TOPEKA, Kan.—Longtime rural reporter and farm advocate Larry Dreiling of Hays filed papers May 21 with the Kansas Secretary of State to officially place his name on the ballot for Kansas Senate in the 40th District. The “Big 4-0” includes 14 counties in northwest Kansas comprising over 13,000 square miles and is the state’s largest senate district.
Rural Kansas has faced years of declining population and falling farm and ranch commodity prices. School district consolidation and hospital, post office, and business closures have added to the pressures many rural Kansas families face.
The COVID-19 virus, while only affecting about half the counties of the district as of the filing date, remains a threat, particularly for the future of the district’s critical access hospitals.
“I’m running for the farmers of the biggest district in the state who truly care about leaving a legacy for their children and grandchildren,” Dreiling said. “As the son of a 99-year old WaKeeney raised World War II veteran, I want to make sure proper physical and mental health care is available to all rural Kansans, particularly in these unsettled times. Medicaid expansion is at the top of my legislative checklist, since it’s something my opponent has done nothing but given lip service toward while our endangered critical access hospitals could use that important funding.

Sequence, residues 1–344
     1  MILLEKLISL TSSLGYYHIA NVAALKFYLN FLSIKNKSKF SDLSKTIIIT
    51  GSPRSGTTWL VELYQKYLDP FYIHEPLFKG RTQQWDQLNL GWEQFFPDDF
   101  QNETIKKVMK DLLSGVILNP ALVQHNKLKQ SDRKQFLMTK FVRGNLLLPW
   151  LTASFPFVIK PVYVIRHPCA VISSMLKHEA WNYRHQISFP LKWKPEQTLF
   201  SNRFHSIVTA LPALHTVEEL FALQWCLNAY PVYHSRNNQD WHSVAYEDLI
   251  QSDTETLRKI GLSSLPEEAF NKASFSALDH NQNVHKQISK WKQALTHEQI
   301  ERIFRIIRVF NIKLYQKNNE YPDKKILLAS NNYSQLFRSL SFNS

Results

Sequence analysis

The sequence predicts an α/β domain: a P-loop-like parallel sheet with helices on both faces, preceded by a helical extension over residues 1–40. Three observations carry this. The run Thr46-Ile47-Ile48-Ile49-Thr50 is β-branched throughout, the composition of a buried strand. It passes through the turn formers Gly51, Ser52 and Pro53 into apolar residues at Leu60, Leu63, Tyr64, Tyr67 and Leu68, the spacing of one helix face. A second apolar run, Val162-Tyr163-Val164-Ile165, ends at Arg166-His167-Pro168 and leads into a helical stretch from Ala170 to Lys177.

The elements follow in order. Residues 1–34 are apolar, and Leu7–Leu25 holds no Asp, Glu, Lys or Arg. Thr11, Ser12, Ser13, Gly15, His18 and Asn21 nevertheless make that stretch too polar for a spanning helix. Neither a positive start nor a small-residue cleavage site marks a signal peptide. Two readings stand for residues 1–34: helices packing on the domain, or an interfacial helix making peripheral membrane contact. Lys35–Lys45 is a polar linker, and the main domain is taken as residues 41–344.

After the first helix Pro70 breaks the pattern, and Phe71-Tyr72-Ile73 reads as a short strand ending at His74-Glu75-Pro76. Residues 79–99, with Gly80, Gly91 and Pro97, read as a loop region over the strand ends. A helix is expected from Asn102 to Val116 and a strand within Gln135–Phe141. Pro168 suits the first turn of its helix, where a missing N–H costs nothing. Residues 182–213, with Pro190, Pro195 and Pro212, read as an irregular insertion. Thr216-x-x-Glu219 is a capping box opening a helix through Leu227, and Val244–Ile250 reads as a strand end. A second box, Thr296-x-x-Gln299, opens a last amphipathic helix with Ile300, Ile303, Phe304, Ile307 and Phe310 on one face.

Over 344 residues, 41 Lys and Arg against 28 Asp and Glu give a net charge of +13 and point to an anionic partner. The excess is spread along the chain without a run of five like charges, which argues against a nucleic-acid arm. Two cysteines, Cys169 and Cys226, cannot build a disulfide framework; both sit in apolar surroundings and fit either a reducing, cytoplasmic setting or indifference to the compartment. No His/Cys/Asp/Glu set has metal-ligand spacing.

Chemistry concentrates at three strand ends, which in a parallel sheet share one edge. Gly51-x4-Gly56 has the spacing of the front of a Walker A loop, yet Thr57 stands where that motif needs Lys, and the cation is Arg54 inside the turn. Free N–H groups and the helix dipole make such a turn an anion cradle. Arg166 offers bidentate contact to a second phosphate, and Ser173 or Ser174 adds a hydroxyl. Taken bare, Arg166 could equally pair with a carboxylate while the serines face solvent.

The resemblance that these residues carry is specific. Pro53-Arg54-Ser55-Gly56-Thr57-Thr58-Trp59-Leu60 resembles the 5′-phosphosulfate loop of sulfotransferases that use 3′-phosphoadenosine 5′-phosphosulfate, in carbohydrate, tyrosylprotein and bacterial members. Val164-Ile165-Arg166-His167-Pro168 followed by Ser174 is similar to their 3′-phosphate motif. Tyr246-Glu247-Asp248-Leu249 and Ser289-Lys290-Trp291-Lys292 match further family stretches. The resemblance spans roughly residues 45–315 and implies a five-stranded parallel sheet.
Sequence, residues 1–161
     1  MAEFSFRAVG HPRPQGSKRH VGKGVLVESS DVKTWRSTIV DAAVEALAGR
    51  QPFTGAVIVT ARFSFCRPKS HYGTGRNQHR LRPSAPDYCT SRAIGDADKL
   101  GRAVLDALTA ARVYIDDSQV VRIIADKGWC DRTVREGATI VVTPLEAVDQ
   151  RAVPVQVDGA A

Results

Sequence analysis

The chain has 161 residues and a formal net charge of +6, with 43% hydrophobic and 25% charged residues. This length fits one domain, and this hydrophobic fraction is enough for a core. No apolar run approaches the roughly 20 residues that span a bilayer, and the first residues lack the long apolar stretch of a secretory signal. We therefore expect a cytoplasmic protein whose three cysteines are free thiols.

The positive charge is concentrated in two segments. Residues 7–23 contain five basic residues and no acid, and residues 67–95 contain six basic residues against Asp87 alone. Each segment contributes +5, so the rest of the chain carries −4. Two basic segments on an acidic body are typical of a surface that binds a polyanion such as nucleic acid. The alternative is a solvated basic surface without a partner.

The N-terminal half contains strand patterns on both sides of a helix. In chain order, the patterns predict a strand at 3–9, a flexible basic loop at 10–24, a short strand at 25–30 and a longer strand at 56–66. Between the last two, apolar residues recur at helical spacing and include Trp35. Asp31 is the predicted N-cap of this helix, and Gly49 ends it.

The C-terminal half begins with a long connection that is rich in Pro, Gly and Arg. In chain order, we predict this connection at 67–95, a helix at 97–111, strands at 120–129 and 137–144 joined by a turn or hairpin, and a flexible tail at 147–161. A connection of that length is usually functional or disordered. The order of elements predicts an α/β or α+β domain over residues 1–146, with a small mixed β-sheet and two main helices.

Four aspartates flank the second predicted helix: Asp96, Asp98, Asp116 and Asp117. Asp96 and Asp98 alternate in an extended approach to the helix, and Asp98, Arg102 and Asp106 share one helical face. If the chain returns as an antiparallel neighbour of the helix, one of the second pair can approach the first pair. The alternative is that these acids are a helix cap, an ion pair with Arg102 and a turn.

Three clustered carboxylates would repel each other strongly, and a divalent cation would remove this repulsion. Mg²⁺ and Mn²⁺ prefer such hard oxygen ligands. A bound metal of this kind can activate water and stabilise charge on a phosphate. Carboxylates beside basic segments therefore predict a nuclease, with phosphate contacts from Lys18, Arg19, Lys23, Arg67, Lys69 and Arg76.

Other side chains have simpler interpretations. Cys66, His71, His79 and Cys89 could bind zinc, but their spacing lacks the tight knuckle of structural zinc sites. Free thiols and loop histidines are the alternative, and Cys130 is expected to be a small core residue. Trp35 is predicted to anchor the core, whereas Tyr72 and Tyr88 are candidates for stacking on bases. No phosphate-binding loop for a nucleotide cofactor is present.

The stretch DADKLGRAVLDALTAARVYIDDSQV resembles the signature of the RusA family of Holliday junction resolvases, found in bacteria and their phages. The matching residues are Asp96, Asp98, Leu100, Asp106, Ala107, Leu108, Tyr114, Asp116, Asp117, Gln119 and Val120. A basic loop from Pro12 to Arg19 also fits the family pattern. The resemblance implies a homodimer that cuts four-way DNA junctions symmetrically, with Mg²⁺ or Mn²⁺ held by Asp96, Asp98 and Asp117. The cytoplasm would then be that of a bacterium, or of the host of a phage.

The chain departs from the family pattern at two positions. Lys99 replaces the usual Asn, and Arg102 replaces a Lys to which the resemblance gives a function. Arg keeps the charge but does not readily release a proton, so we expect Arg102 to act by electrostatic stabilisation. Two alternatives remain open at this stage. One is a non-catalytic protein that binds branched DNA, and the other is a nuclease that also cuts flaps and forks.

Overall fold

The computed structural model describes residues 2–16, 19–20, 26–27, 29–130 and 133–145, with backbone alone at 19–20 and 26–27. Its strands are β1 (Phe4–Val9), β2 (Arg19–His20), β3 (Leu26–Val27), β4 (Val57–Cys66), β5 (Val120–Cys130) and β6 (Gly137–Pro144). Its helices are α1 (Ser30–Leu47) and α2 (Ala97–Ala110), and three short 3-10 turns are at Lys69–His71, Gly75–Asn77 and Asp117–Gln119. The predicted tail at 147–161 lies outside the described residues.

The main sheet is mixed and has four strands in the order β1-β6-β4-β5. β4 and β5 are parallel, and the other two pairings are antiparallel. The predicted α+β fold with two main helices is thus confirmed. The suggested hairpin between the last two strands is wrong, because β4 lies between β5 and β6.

“I’m running for the kids in rural K-12 public schools who are ignored by our mostly urban Legislature. I’m running to get our roads funded so they’ll be fixed, and to ensure appropriate support for Fort Hays State and for our local community and technical colleges.
“Also, I’m running to mend our prison system so the violence we saw at the Norton Correctional Facility in 2017 never happens again,” he said.
Dreiling is launching his campaign after a 42-year career in journalism, including stints as a senior field editor at High Plains Journal and news director at KAYS-AM/TV. His reporting has been honored with numerous state, national, and international awards.
“My work as a rural journalist has taken me to every community in the western half of our state,” Dreiling said. “Over the past 42 years, I have learned much about who the people in our rural communities are and heard their voices say what they need and want from state government,” Dreiling said.
“What they don’t want is governance distilled in a three-phrase, six-word slogan. Governance is hard work, and I’m prepared over the next four years to do the hard work needed in service of the people I’ve come to love to make their lives better.”
Dreiling is a triple graduate of Fort Hays State University, with a masters’ degree in communication and bachelors’ degrees in political science and communication. He currently lives in Hays, Kan., is an adjunct professor of agriculture, informatics and political science at FHSU, and serves as a policy fellow at FHSU’s Docking Institute of Public Affairs.